- Related Research Areas
- Climate Variability & Change
Satellite altimetry has measured global sea level rise with accurate orbits since 1992, and we find that the combined rate due to changes in ocean-water density and mass to be 3.0±0.4 cm/decade (without GIA). Since 2003, the GRACE mission has measured directly the mass loss from the Greenland and Antarctic ice sheets, and the Alaska glaciers, and the GRACE data have been used to estimate the mass increase over the oceans. In order to predict future rates of change and their societal impact, we must understand the sources of error in these measurements. In this investigation we will use GRACE to track the cryospheric sources of mean sea level rise and directly monitor the mass change in the Earth’s oceans. By processing uniformly the entire available GRACE time series with different methodologies (e.g. regional and global mascons vs. spherical harmonics) and different forward models, we will characterize and bound errors in these mass-driven components of the sea level rise budget. Reference frame accuracy and stability directly affect MSL estimates (Beckley et al. 2007). We will quantify errors in the reference frame and their impact on sea level change. The reference frame is constructed using space geodetic observations (SLR, DORIS, GPS, and VLBI). We will implement and test modeling improvements for each of the individual space geodetic techniques, and quantify how they improve reference accuracy and stability. We will also explore alternate strategies for combination of geodetic observations into a single unified frame, emphasizing geodetic stations important to tracking of TOPEX, Jason-1 and Jason-2, and on stations near tide gauges which will improve altimeter calibrations. The temporal variation of the geocenter has been estimated in different ways using forward models and geodetic observations, but these geocenter solutions have not been fully exploited. Using these different geocenter solutions, including those we compute, we will quantify the impact of the geocenter on altimeter data geolocation and MSL rise estimates, as well as on estimates of ocean mass change from GRACE. One of the challenges for prediction of future sea level rise trends, is how the relatively short altimetric record relates to the much longer record of sea level rise on centennial time scales measured through tide gauges and on millennial time scales as measured from sea level rise estimates derived from salt-marsh proxy data. We propose to revisit the reconstruction of 20th century sea level rise accounting for the large scale regional correlations in nearby tide gauges, and better accounting for vertical motion at tide gauge sites using new reference frame products (e.g. ITRF2008) and those from our own multi-technique reference frame reconstructions. Recent evidence has accumulated that variability in basin-scale atmospheric forcing exists on 100-year time scales or longer. This means the largely coastal tide gauges may produce a biased record of global sea level rise on centennial to millenial time scales. We propose to obtain a 500-1000 year record of salt-marsh-derived sea level rise data at Bermuda, from the center of an ocean gyre, to compare directly with existing measurements at the edge of the ocean gyre along the Atlantic coast of North America to better understand these long-period ocean-gyre variations and their impact on records of sea level rise.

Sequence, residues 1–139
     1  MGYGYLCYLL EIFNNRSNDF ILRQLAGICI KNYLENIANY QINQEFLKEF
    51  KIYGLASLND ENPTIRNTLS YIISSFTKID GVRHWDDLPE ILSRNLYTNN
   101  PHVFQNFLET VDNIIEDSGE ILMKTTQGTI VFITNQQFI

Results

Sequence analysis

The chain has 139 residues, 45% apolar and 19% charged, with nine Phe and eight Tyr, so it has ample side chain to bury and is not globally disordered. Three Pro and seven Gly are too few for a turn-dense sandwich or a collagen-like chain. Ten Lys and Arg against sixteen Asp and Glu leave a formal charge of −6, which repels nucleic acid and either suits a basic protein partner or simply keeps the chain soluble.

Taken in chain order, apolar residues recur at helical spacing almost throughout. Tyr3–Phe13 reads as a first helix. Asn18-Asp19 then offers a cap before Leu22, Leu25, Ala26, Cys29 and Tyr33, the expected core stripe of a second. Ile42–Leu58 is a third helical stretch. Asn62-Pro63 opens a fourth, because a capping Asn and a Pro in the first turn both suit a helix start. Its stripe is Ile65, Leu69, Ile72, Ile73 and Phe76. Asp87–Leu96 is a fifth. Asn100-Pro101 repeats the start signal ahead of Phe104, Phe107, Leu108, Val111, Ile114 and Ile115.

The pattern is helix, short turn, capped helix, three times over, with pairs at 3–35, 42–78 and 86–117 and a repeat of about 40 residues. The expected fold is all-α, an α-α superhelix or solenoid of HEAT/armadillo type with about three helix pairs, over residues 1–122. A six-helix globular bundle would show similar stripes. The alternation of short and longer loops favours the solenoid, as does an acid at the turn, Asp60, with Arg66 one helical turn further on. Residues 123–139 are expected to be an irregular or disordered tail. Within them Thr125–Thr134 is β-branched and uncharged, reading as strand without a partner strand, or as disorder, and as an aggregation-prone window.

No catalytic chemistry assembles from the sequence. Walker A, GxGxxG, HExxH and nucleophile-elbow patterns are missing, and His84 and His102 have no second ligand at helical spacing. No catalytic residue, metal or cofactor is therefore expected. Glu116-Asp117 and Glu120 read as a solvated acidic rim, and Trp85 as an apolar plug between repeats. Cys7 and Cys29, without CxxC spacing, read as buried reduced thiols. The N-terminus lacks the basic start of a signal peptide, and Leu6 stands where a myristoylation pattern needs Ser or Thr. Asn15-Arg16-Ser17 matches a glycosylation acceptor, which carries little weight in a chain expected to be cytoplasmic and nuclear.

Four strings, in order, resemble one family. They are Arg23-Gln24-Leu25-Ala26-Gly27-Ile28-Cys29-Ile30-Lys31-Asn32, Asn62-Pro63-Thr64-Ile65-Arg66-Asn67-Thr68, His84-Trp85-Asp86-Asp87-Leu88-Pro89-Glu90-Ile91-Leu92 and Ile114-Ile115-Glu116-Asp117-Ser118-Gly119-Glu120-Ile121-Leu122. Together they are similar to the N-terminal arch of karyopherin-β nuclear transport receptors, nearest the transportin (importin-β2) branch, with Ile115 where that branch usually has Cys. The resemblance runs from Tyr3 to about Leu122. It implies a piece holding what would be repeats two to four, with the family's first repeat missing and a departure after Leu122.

PI: Frank Lemoine/NASA Goddard Space Flight Center
NASA/GSFC Mail Code 698 Greenbelt, MD 20771
Phone: 301.614.6109 Fax: 301.614.6522
Email: frank.g.lemoine at nasa.gov
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